"We kind of saw Freddie in him"

Interview with Brian May
The members of legendary rock band Queen have participated quite actively in the making of the movie 'Bohemian Rhapsody' which pays homage to Freddie Mercury but also to the other fellow-musicians of the unimitable frontman.

He is 71 years old.


His first band was The Smile.


Guitar World has chosen him as the second most important guitarist of the world.

Q: What prompted you to get involved with the film?
Brian May: “That's the big question. I think, in truth, we were a little reluctant to get involved at the beginning, because we thought it would be difficult to make a film that would do Freddie justice. The idea had been suggested to us a lot over the years and eventually we realized that if we didn't get to participate, somebody else would do a film without us and we wouldn't be able to protect Freddie’s legacy, so we eventually got involved. It has been a long journey over nearly ten years, preparing and getting things ready, and in terms of directors and scripts. There came a point where Fox bought it. The producer, Graham King, really believed in the project from the beginning.”
Q: What are the elements that make the film work would you say?
Brian May: “Well, Graham pushed the button – or pulled the trigger – at the right time, when he felt that the right team was in place. Casting Rami Malek in the role of Freddie had a lot to do with it. Rami blew us away the first time we met him. We kind of saw Freddie in him and we could sense Rami’s passion. But, also, the other guys who play us are phenomenal, and I think the performances you see in the film reflect the fact that they completely lived it all, they became us, and they believed that they were us. It wasn't just an acting job for them. The same is true for Lucy Boynton who plays Mary Austin [Freddie’s girlfriend, then close friend]. Actually, all the way down the cast and the whole production team, you can feel the enthusiasm. Visiting the set, there was an amazing feeling of loyalty and passion.”
Q: What advice and tips did you give them? I believe you taught them a few tricks?
Brian May: “I love the story of Ben Hardy best, who came in and said, ‘Yeah, I play drums,’ but he was completely lying! He couldn’t play at all but he went away and learned and became an amazing proponent of Roger's style. We did spend quite a bit of time with them. Gwilym Lee was already a guitar player, but I showed him a few tricks. He got very into it, so that looking at the edits when we were working on the film, I kind of believed he was me.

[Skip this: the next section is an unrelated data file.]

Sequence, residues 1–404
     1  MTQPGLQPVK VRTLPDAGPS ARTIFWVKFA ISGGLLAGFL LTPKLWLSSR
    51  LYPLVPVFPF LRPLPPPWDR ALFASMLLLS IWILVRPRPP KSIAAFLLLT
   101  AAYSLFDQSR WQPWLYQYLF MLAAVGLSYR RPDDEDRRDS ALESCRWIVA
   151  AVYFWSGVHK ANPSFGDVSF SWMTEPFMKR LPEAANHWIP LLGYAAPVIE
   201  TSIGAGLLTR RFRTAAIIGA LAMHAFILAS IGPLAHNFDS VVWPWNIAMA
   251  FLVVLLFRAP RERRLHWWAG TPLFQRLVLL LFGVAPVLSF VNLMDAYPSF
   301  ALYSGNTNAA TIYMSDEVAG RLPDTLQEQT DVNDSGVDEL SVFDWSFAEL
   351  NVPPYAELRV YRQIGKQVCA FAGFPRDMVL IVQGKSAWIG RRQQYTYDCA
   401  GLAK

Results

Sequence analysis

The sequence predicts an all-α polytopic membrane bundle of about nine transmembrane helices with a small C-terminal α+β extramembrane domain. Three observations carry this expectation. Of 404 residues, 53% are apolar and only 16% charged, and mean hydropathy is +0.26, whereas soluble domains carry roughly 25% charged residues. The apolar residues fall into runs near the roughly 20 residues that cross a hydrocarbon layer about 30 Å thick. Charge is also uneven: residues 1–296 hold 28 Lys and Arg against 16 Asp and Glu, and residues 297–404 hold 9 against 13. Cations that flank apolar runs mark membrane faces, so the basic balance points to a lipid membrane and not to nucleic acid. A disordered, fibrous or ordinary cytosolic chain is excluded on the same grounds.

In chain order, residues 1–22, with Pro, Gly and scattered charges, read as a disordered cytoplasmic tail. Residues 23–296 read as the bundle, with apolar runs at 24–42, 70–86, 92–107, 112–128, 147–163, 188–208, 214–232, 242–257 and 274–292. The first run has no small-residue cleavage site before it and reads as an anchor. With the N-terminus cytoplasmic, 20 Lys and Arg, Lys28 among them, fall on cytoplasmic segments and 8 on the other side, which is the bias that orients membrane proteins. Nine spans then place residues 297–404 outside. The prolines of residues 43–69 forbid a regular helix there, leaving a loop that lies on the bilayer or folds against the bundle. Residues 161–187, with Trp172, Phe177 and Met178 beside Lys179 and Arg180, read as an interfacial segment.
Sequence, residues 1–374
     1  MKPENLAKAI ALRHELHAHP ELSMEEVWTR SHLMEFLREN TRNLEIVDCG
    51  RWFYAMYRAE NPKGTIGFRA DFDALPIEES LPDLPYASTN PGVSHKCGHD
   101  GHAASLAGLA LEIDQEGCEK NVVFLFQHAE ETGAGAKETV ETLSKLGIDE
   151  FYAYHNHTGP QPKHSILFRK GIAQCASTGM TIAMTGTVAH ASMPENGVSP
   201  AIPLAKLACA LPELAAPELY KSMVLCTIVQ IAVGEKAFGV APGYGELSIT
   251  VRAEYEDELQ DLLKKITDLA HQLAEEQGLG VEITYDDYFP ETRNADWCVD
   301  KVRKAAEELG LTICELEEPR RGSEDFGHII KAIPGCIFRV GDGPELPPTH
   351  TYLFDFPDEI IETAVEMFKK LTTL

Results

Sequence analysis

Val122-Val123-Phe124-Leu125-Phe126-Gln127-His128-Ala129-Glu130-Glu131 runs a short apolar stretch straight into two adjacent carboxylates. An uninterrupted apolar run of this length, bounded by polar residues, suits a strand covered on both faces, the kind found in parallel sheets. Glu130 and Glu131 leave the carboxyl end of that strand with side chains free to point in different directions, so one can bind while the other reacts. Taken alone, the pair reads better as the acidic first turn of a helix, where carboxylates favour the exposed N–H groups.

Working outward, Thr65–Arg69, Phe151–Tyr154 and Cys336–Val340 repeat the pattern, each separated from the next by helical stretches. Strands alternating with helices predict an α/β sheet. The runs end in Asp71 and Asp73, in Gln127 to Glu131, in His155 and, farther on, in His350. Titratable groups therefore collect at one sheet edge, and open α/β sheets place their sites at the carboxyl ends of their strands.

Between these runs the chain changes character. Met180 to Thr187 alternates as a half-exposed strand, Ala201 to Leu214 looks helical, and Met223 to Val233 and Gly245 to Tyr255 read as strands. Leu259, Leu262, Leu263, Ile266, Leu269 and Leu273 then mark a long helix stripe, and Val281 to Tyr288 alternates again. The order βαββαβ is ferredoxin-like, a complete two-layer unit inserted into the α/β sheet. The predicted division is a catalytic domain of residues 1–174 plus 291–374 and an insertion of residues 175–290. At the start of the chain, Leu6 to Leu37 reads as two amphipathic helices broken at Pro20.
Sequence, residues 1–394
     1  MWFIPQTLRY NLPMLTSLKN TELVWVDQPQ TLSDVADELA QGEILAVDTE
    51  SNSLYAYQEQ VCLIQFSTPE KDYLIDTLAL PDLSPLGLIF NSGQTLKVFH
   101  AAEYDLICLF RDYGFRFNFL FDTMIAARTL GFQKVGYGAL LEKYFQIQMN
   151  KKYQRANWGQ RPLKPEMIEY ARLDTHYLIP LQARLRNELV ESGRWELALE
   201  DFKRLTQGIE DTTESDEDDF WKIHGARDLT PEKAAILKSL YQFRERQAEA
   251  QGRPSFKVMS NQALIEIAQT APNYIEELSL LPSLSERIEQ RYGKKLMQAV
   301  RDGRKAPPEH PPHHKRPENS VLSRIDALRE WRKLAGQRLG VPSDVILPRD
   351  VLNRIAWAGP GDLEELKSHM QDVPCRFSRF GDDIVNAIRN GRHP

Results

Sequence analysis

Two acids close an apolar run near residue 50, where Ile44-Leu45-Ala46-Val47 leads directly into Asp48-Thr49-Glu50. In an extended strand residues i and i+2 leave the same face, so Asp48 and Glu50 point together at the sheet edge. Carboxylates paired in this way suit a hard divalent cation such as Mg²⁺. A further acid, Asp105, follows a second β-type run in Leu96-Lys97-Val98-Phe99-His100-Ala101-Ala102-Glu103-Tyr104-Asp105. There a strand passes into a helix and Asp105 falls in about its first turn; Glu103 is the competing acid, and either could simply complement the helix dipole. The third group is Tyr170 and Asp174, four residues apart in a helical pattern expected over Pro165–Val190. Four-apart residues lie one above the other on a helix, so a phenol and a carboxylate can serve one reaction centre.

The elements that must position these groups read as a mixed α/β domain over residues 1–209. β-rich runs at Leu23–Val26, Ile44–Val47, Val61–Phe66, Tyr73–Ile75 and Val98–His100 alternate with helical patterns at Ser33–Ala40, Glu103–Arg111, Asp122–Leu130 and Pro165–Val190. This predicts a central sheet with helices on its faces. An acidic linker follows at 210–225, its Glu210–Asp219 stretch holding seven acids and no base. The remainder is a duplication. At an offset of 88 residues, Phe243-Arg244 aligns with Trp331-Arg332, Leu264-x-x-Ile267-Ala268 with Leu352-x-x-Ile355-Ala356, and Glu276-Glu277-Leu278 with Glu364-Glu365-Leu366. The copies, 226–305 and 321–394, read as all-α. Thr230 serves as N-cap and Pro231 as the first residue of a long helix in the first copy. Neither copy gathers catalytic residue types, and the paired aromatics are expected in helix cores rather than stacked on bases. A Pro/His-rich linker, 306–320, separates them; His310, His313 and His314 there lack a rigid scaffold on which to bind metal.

Q: Can you talk a little more about Rami’s portrayal of Freddie? 
Brian May: “The first time we saw him was actually in Roger's flat. It must have been horrible for him, having us watching him for the first time. But we were really blown away by him and his ability to perform – he's incredible. I love the way he has captured not only Freddie’s great power and ebullience, but also his sensitive, vulnerable side, of which there was a lot. You know, he came from very small, humble beginnings, as you see in the film. Also, a lot of people think of Freddie as a flamboyant figure – they tend to forget that he was a brilliant musician. And the film shows how talented he was.”
Q: When you first met Freddie, did you realize his potential?
Brian May: “The simple answer is no, we did not know. He was full of dreams, full of mad fancies and insecurities – and ebullience and flamboyance. I don't think we realized his talent to begin with. But I remember a little instance in the studio with John Anthony, our first producer. I sang ‘Son and Daughter,’ [which he had written], and I had imagined that I would sing the song myself. Then Freddie sang it and John went, ‘Wow, I’ve never heard a voice like that,’ and that was one of the moments when we all went, ‘I guess that voice is pretty special.’ But Freddie was never happy with his work. He would always go back and say, ‘No. That wasn't good enough. I need to build on it and improve.’'
Q: The film feels so authentic visually… you lent the actors your own costumes? 
Brian May: “There was a moment with Gwilym, I remember. I looked through the book of all of the costumes he would be wearing, to play me, and I went, ‘Come and look through my whole archive if you like,’ so the guys came down and picked out a few things. Luckily, we still have a lot of our old stage clothes.”
(6 pictures)

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This week...
Budapest, Szépművészeti Múzeum, 06 April 2019 - 30 June 2019
Budapest, 02 April 2019 - 31 May 2019
Budapest, Budapest Jazz Club, 21 May 2019 20:00
Budapest, Örkény István Színház, 29 April 2019 - 26 May 2019
Budapest, Andrássy Élményközpont, 02 February 2019 - 31 May 2019
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